Before I begin, I absolutely must thank all of you who supported me throughout the season at So You Think You’re Crafty. Even though I didn’t come out on top, it was a thoroughly enjoyable experience, and one that truly ignited my creativity! I want to congratulate Melissa on an incredible season. Her projects were all top-notch, and she is such a nice person, too!
This coordinating boy/girl room decor was my contribution for the final act of SYTYC, and today I’m going to share with you how I put the duvet covers together – for just $10 each! Ready to see what I did? I’m so excited to share!
In case you missed it, here is my blurb from SYTYC…
Having just moved into a new home, I wanted my final project for the competition to be something fun that reflects my overall crafting personality, but also something practical for our new place. We recently purchased a bunk bed for my older kiddos’ shared room, so I opted to use this challenge as my impetus to get their bedding and decor squared away. I set to work creating coordinating pillow shams and duvet covers, as well as repurposing an old lamp to match and putting together personalized alphabet samplers to adorn the walls.
Shared boy/girl spaces can be a challenge. I wanted the bedding to coordinate, but I also wanted it to be as suitable for a boy as it was for a girl. Enter my little vinyl applique boy and girl symbols on the shams, which leave no question as to just who exactly occupies this space! I opted for turquoise and hot pink as the main colors for each of the bedding sets, tying it all together with a series of orange stripes.
Whether you’re in the market for matching bedding as I was, or if you’re just wanting to create bedding for a single room in your home, I think you’ll find the tutorial for how I made the duvet covers particularly simple and easy to do!
For this project, you will need…
3 flat sheets, the size of the duvet cover you are making
(1 sheet for the front, 1 for the back, and 1 for the striped accents)
Basic sewing supplies: shears, machine, measuring tape, etc.
Recommended: rotary cutter and mat
*Note: I purchased my sheets from Walmart for just $4 apiece.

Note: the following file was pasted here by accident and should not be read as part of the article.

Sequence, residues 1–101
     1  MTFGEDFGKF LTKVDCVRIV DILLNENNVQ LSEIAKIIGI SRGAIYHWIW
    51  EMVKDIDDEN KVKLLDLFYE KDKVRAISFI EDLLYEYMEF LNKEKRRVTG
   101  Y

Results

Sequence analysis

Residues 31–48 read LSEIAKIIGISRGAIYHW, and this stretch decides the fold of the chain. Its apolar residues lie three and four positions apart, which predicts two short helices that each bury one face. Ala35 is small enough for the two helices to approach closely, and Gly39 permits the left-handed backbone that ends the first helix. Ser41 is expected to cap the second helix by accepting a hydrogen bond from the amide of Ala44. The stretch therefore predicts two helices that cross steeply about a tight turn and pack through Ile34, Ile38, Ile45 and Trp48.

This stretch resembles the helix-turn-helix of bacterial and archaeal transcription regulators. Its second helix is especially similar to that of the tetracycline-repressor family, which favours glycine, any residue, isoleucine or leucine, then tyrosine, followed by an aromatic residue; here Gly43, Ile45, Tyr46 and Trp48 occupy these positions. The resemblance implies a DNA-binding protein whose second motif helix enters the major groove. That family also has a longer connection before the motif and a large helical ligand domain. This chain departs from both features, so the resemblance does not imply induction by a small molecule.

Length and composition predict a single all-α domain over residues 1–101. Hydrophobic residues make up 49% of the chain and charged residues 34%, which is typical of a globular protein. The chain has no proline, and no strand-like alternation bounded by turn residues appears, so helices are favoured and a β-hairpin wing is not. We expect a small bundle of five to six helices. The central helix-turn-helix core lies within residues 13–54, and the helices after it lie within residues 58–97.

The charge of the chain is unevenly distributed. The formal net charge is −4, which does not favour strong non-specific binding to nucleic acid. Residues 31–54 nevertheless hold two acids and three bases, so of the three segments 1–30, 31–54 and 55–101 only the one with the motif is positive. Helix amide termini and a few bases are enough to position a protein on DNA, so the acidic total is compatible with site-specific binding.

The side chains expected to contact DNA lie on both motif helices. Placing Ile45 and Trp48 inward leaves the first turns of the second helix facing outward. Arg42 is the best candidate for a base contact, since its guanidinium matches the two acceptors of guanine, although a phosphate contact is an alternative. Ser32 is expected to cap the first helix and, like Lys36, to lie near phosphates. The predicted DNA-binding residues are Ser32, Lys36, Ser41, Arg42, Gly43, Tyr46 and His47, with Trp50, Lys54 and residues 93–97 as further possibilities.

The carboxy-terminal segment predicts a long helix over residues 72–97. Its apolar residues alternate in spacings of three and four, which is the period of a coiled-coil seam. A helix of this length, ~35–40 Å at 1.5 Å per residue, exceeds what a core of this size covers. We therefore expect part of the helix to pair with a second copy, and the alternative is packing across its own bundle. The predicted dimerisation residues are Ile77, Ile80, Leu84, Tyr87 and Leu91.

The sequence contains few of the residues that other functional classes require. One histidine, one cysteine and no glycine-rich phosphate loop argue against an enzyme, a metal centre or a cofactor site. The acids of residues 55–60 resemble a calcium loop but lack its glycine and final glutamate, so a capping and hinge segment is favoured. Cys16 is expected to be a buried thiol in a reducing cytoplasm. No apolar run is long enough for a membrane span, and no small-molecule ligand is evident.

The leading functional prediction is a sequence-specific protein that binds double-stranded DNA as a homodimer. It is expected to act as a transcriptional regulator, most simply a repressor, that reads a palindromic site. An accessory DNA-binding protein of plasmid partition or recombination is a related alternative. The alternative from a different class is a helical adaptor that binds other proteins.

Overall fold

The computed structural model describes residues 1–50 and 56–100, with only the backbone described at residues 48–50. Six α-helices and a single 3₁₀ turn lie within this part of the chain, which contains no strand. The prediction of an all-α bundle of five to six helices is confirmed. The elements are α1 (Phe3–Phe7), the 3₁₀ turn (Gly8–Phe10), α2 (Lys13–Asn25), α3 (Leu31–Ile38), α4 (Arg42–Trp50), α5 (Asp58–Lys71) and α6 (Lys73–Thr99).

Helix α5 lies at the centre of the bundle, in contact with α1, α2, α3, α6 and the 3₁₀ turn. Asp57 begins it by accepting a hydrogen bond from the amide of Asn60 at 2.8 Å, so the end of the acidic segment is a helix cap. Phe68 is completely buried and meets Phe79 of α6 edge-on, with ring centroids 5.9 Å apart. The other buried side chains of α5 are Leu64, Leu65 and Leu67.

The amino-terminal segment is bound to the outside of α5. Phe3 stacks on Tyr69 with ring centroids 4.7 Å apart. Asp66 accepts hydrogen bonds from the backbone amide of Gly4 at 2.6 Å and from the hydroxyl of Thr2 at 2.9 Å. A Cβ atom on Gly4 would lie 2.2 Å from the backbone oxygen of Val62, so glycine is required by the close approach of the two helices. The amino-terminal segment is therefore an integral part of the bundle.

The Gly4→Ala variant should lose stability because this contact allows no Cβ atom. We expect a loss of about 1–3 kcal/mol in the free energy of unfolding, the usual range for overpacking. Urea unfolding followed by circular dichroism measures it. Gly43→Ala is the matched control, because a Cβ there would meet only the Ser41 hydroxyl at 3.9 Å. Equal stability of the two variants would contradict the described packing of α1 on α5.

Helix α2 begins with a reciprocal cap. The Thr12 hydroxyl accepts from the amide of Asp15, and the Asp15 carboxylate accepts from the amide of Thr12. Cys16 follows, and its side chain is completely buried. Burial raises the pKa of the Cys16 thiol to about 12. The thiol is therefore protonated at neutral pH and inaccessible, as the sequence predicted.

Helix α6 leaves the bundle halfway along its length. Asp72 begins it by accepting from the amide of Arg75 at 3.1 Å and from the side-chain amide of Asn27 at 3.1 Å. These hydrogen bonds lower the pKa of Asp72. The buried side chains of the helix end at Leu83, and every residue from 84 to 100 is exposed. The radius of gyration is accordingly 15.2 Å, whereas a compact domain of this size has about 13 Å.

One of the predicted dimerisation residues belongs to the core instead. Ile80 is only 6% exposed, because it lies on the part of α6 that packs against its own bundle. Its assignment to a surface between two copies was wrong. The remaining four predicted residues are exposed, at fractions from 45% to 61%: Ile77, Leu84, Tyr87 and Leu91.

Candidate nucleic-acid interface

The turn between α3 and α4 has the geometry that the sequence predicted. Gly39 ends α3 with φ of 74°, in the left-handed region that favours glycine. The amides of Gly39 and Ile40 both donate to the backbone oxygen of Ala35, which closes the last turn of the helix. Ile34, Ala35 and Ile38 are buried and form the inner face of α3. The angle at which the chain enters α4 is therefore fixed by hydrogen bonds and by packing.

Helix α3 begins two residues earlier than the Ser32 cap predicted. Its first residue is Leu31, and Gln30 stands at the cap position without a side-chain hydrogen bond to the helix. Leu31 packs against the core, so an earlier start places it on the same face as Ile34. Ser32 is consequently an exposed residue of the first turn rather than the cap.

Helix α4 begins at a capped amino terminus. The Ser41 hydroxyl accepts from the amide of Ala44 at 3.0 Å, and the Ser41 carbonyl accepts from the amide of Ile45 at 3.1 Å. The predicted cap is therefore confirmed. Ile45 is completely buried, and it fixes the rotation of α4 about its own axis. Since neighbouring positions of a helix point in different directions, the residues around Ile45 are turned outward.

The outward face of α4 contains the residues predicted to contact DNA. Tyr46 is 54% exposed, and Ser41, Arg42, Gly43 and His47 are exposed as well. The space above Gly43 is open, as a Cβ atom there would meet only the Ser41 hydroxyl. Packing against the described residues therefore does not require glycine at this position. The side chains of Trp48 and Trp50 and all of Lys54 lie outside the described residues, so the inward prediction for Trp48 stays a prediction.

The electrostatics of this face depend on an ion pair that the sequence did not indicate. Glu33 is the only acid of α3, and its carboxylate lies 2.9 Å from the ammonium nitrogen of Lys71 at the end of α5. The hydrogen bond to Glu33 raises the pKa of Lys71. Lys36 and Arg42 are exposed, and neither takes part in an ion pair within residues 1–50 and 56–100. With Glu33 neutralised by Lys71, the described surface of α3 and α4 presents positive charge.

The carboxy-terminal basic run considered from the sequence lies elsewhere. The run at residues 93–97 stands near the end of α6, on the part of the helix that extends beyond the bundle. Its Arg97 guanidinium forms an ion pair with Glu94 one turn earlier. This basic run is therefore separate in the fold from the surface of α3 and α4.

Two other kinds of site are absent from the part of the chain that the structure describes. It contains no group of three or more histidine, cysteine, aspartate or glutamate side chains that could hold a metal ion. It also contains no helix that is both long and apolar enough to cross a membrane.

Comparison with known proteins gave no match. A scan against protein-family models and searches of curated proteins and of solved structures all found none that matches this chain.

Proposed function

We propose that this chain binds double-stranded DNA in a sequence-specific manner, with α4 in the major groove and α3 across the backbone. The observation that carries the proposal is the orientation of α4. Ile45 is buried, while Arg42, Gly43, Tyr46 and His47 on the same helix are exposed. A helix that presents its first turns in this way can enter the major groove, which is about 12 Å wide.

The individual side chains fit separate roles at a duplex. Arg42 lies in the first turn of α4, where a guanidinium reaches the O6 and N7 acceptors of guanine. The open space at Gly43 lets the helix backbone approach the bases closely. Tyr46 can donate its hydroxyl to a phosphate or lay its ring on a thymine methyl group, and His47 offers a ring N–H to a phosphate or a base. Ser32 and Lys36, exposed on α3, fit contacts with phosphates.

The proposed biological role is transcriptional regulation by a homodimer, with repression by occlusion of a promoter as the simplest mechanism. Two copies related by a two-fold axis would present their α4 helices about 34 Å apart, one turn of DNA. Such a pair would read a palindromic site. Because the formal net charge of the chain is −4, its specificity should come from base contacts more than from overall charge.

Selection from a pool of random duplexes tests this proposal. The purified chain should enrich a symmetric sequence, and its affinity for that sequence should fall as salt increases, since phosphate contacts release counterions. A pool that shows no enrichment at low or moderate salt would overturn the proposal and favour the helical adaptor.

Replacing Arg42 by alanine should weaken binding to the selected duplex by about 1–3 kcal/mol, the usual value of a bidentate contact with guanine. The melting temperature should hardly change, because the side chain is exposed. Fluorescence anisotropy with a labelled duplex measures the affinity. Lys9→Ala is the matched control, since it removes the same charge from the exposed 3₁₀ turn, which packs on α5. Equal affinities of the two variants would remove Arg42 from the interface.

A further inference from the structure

Measure the length and width of the comforter or duvet you will be covering. Write these numbers down. Now, add 1 inch to each.
Length + 1 = X
Width + 1= Y
You’ll need to do a couple of additional calculations, as well.
Multiply X by .33. This will be A.
.33X = A
Multiply X by .67, and then add 3 to this number. This will be B.
.67X + 3 = B
Now, cut out your pieces.
From the sheet that will be the front panel piece of your duvet cover, cut 1 piece that is X by Y.
From the sheet that will be on the back of your duvet cover, you will need to cut 2 panels:
1 piece that is A by Y
1 piece that is B by Y
Note: Cut these back panel pieces from the top and bottom edges of your sheet so that one of the Y (width) sides of each falls on a hemmed edge of your sheet. This will save you from having to hem things later on – a huge time-saver!
From your striped accent sheet, cut 2 stripes:
1 stripe that is 18.5″ by Y
1 stripe that is 6.5″ by Y
Very good! Now let’s get sewing!
step1/ Press the long edges of your stripe pieces under 1/4″, leaving the short sides unpressed. Pin your 18″ stripe 12″ up from one of the short edges of your front panel piece. Edgestitch along the long edges of your strip to secure it to your front panel. Pin your 6″ stripe 3 inches away from your first stripe, and stitch in the same manner.
step 2/ With your front panel piece face up, pin your smaller back panel piece to your front panel piece, aligning the edges and corners, as shown. (The hemmed edge of this piece should run through the center.) At each of the corners, pin a piece of ribbon or a strip of scrap fabric that is about 9 inches long and folded in half, as shown. (This will allow you to tie your cover to the corners of your comforter to keep your comforter from becoming all bunched up in the bottom of your cover.)
step 3 / Pin your longer back panel piece in the same manner, making sure the hemmed edge of this piece overlaps the hemmed edge of the piece you pinned in step 2. Pin folded pieces of ribbon or fabric to these corners, as well. Using a 1/2″ seam allowance, stitch all layers together. If desired, serge or zig-zag your seams to finish. Clip your corners, turn your cover right side out, and use a turning tool (or a wooden chopstick) to help you push your seams and corners out thoroughly. Press.
Now, set snaps (or apply buttons) on the overlapping flaps of your cover so that it remains closed when in use. I recommend at least 5-6 buttons or snaps to ensure there isn’t any gapping.
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